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Is it time to stop writing headlines that end in question marks?
Betteridge’s Law of Headlines states the following:
Any headline which ends in a question mark can be answered by the word ‘no’.
Ian Betteridge explains his theory as follows:
The reason why journalists use that style of headline is that they know the story is probably bollocks, and don’t actually have the sources and facts to back it up, but still want to run it.
Betteridge’s point is that if a story had enough proof and citations, the headline would be assertive. Consider the latest story on TechCrunch, as of this writing: “Warren Buffett Is A Punk“. Regardless of its journalistic appeal, doesn’t that sound much better than “Is Warran Buffett A Punk?”. Headlines end in question marks when the authors want to retain a certain measure of deniability if their story turns out to be false (“Will iOS 6 Be Able To Make You Coffee?”).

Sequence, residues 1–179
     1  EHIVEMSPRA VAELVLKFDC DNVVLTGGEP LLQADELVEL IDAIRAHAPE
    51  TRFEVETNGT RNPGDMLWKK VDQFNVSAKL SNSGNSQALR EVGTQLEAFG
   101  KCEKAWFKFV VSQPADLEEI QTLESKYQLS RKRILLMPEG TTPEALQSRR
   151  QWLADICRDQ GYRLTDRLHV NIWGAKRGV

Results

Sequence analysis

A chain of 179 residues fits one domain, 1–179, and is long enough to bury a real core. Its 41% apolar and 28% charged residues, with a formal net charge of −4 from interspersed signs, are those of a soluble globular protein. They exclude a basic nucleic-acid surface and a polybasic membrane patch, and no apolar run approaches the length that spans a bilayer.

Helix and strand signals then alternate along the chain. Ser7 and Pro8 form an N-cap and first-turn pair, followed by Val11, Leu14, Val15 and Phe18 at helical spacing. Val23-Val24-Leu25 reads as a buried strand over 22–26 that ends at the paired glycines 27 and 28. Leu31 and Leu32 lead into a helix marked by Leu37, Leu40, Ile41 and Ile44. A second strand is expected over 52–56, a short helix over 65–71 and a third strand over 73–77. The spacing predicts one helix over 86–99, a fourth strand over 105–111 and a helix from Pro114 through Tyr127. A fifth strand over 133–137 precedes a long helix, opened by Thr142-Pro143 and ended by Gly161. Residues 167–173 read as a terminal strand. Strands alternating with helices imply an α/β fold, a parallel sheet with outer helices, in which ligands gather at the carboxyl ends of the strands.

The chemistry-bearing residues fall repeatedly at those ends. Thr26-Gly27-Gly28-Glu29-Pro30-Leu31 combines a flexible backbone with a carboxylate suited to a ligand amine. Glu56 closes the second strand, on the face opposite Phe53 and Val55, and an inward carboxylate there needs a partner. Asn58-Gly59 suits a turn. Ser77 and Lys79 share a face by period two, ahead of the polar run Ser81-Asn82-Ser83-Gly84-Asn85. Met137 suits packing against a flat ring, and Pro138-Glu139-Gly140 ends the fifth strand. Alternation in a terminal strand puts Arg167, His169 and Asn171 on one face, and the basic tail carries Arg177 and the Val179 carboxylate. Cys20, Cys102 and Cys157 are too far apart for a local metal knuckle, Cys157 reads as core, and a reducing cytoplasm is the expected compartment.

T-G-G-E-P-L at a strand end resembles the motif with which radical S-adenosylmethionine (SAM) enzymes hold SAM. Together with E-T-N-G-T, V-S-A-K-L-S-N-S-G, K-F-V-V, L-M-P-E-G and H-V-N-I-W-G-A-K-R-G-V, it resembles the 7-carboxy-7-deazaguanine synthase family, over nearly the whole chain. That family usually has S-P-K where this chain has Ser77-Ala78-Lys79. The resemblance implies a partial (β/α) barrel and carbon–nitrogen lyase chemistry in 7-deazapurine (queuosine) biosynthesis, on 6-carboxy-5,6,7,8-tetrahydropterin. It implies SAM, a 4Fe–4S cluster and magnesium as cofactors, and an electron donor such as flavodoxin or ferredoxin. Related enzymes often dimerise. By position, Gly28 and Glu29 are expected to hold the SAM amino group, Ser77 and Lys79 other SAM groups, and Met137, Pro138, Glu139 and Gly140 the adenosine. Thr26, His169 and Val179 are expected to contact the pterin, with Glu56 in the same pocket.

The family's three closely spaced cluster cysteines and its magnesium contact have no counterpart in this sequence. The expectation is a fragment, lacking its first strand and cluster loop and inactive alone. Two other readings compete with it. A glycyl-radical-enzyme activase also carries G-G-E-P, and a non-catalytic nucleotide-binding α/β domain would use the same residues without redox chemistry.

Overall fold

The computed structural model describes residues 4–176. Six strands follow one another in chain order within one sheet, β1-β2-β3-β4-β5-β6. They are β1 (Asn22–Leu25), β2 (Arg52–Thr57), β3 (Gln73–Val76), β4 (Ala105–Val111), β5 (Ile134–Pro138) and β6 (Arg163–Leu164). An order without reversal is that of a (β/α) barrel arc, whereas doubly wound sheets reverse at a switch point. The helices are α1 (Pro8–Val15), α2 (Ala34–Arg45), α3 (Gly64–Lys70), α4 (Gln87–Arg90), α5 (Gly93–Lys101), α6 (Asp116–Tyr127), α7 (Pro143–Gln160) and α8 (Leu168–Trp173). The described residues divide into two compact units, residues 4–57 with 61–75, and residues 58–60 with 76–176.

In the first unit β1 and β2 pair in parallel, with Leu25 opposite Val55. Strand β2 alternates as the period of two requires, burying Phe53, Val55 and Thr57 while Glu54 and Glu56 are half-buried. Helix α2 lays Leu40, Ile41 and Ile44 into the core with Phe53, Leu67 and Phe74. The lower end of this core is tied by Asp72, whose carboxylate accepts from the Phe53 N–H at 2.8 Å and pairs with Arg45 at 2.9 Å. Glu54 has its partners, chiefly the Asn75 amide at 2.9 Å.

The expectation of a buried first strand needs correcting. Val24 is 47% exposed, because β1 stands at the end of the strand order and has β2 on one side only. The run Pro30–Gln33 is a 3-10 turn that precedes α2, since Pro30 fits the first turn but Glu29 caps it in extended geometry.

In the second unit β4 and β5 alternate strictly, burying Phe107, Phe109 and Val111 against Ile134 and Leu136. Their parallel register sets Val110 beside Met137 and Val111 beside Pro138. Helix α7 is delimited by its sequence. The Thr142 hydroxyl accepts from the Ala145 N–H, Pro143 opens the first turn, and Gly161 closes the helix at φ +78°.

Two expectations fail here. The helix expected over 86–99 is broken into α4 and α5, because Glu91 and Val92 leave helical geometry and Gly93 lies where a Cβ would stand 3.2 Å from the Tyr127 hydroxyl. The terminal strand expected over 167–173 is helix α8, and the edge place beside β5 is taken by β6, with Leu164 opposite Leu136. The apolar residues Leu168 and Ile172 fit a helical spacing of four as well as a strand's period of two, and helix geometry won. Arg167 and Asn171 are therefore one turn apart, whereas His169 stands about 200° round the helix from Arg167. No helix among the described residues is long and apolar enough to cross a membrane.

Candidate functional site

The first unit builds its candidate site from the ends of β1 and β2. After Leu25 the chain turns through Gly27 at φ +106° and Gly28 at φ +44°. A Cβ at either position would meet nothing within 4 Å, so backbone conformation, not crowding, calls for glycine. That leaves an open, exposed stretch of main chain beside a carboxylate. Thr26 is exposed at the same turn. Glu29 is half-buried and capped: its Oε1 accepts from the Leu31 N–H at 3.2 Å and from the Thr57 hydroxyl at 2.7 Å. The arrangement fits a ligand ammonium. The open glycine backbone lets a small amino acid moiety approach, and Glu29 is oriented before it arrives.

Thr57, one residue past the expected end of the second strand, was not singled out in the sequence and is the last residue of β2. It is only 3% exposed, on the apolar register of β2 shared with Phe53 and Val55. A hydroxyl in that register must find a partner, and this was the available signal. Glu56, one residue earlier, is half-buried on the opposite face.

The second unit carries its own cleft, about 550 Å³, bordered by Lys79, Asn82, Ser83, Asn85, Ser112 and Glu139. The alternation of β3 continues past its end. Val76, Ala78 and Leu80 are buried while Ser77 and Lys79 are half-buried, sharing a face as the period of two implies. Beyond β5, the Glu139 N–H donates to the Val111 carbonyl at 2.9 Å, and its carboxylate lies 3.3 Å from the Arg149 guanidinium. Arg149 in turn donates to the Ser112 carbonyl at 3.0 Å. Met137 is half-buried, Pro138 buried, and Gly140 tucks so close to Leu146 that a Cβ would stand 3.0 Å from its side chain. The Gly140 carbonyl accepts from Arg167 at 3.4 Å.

However, lately these headlines have morphed into something beyond just a mixture of deniability and laziness: pure link bait. Consider a few randomly selected headlines from the last week:
- Should Celebrities Create Their Own Branded Social Networks?
- Could in-store navigation tech be a shopper’s worst nightmare?
- Samsung Galaxy S III: Is the Screen Its Achilles Heel?
The idea is to get people interested enough to click through, and then make them scroll past the ads until the answer (usually, “no”) is revealed in the last paragraph. It’s effective, but I just don’t think it should be done. Unfortunately I don’t have a business reason for my opinion, but I do have a reader reason.
I believe in respecting your audience’s intelligence, and not wasting their time. I believe in stating an article’s thesis and/or purpose clearly in the title, and trusting that if it’s interesting enough, the people you want on your site will click through and read it.
So, is it time to stop writing headlines that end in question marks? I’m going to break Betteridge’s Law and say, unequivocally, yes.